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Design of Custom Testing Programs - Part I

Testing is crucial to the successful development of any type of new product, whether it’s meant for military, commercial, or
consumer use. While testing is often done based on widely acknowledged specifications, it doesn’t mean that the process is
similar for every item. As a matter of fact, testing programs are unique to the unit under test, even if the same type of test is
performed on countless other items. While personalizing a test for a specific unit often only consists of designing a fixture
which attaches it to a testing apparatus like a shaker table or shock machine, other times a complete test program needs to
be developed around the specific test parameters for that unit.

Testing revolves around subjecting equipment to worst-case scenario conditions that could be expected in its service life.
Clearly, depending on the type of item being tested, any of a multitude of tests may be performed on it. It is up to design
engineers and acceptance personnel to determine the appropriate testing to be performed on an item. If equipment is
designed for military shipboard use, it is expected that it will successfully pass such standard tests as shock, vibration, and
salt spray. However, certain equipment will experience unique conditions that will dictate the type of testing it must undergo.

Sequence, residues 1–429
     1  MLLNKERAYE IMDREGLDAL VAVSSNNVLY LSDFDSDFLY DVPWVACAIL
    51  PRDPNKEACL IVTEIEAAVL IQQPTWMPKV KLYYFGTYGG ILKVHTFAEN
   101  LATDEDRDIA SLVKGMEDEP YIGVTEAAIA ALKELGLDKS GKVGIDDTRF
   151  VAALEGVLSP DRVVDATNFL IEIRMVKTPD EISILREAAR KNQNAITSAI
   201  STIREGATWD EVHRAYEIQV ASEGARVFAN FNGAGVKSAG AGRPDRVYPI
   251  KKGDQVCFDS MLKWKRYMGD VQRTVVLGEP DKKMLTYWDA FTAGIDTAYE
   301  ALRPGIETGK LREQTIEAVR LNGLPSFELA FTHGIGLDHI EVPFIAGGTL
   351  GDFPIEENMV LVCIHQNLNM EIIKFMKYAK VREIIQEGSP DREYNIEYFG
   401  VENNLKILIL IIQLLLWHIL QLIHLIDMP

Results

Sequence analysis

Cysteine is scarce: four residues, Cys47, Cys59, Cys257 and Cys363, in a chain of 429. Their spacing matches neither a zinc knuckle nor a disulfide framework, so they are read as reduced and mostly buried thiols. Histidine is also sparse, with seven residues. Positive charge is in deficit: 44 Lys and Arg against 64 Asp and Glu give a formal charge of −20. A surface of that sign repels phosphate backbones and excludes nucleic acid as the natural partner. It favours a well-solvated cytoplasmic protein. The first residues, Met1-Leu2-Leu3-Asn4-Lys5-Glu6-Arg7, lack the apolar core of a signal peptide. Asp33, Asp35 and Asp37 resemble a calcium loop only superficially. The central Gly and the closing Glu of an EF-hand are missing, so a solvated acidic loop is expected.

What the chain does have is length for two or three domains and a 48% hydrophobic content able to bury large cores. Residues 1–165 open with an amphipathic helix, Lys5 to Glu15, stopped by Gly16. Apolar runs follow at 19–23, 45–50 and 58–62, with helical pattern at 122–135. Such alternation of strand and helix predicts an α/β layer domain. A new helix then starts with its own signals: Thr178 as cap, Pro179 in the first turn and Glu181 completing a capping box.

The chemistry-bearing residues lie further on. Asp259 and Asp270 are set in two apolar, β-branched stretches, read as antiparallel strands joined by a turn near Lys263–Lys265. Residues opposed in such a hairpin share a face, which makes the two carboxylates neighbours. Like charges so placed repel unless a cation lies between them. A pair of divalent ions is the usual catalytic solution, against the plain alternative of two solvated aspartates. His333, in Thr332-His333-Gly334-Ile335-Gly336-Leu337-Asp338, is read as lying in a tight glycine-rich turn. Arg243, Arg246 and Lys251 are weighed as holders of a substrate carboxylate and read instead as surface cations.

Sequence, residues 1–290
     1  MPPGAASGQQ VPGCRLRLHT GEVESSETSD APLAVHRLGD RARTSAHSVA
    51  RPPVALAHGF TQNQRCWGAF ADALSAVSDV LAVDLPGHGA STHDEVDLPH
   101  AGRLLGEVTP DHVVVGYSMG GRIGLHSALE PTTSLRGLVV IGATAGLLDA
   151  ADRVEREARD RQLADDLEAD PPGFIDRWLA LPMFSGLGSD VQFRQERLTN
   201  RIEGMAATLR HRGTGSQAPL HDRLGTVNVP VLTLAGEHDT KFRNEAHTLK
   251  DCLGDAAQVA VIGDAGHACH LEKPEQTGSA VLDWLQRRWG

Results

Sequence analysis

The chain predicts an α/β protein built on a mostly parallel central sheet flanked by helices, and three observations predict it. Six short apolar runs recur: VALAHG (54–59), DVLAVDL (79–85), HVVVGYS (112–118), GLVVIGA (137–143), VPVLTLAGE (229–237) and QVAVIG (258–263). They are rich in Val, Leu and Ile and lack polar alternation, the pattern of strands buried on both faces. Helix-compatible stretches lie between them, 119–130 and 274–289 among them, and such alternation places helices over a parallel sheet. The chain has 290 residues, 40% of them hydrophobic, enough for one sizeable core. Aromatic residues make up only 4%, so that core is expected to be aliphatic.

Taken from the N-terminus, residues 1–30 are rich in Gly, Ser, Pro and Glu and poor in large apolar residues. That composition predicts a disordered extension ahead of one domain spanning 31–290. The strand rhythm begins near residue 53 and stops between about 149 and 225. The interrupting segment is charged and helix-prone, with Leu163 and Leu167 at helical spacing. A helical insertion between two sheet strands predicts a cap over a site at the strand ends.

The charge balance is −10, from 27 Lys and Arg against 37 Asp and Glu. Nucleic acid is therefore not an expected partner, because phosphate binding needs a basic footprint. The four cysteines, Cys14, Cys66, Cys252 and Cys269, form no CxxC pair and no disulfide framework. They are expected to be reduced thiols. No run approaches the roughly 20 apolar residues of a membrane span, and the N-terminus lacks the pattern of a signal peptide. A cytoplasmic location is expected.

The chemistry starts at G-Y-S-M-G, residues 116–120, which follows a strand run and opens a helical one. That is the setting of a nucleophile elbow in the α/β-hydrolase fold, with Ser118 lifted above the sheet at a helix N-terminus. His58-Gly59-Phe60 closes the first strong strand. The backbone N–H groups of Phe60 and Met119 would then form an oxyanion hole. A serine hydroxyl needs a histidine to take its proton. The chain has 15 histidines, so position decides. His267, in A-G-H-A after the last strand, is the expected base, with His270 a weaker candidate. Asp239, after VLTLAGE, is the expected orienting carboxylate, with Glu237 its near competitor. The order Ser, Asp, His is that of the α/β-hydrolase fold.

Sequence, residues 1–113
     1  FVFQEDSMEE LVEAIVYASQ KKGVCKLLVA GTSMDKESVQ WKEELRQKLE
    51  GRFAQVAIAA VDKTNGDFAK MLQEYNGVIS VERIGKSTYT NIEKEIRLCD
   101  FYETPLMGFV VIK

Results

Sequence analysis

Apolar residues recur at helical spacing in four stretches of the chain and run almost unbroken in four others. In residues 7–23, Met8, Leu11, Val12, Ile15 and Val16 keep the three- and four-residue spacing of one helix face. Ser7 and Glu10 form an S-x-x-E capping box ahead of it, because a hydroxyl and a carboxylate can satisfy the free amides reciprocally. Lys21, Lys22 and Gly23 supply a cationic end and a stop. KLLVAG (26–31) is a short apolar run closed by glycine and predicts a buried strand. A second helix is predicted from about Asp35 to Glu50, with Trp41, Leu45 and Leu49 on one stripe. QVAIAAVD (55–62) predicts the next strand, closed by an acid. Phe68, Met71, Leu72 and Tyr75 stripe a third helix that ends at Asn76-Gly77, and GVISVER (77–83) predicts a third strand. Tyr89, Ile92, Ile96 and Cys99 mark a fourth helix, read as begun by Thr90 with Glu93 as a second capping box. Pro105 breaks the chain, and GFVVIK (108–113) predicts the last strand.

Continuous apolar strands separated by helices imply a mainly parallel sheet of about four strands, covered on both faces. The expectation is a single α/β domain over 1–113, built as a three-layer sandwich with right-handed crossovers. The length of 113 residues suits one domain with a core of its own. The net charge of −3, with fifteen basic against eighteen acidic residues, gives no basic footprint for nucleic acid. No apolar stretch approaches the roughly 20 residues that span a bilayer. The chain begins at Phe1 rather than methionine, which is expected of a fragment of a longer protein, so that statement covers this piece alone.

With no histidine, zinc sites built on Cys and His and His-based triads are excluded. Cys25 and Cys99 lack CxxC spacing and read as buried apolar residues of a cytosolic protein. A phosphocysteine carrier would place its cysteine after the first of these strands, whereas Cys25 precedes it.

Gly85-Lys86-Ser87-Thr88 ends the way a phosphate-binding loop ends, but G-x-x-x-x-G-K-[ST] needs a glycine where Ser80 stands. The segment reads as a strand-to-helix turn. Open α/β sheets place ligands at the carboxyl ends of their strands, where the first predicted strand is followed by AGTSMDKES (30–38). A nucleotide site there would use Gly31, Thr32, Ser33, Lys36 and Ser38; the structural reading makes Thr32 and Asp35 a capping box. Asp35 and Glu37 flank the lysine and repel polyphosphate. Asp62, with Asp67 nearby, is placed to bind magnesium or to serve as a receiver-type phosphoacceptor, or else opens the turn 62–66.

For example, when a train enters a tunnel opening or passes alongside another train at high speed, there is a momentary
positive and negative pressure pulse that acts upon the outer surface of the train. These aerodynamic loads and pressure
waves occur due to the flow behavior of fluids (one must remember that although invisible, air is certainly a fluid). Not only do
train windows have to be designed robustly enough to be able to handle this pressure pulse, they must be able to withstand
the fatigue induced by the thousands of these waves encountered throughout their lifetime.

 


Pressure pulse values are measured experimentally by setting up a false window with pressure transducers, and subsequently running the train through tunnels and beside other trains at specific velocities. This image, and experimental results were obtained from the paper "Aerodynamic Loading of Trains Passing Through Tunnels" by Tarada, Himbergen, and Stieltjes.

Determining the appropriate test setup for pressure cycling of train windows (as well as for any test) starts by taking
measurements in the field to determine the magnitude of the conditions that may be encountered. A lot of times these
values are specified in published test specs, but when dealing with such a specific condition as pressure waves on the
outer surface of a train, it may be necessary to obtain data experimentally (see image above). Once the test condition is
known, it is up to the test engineer to determine the best way to simulate these conditions in a laboratory setting.

Check back soon for Part II !

 

 



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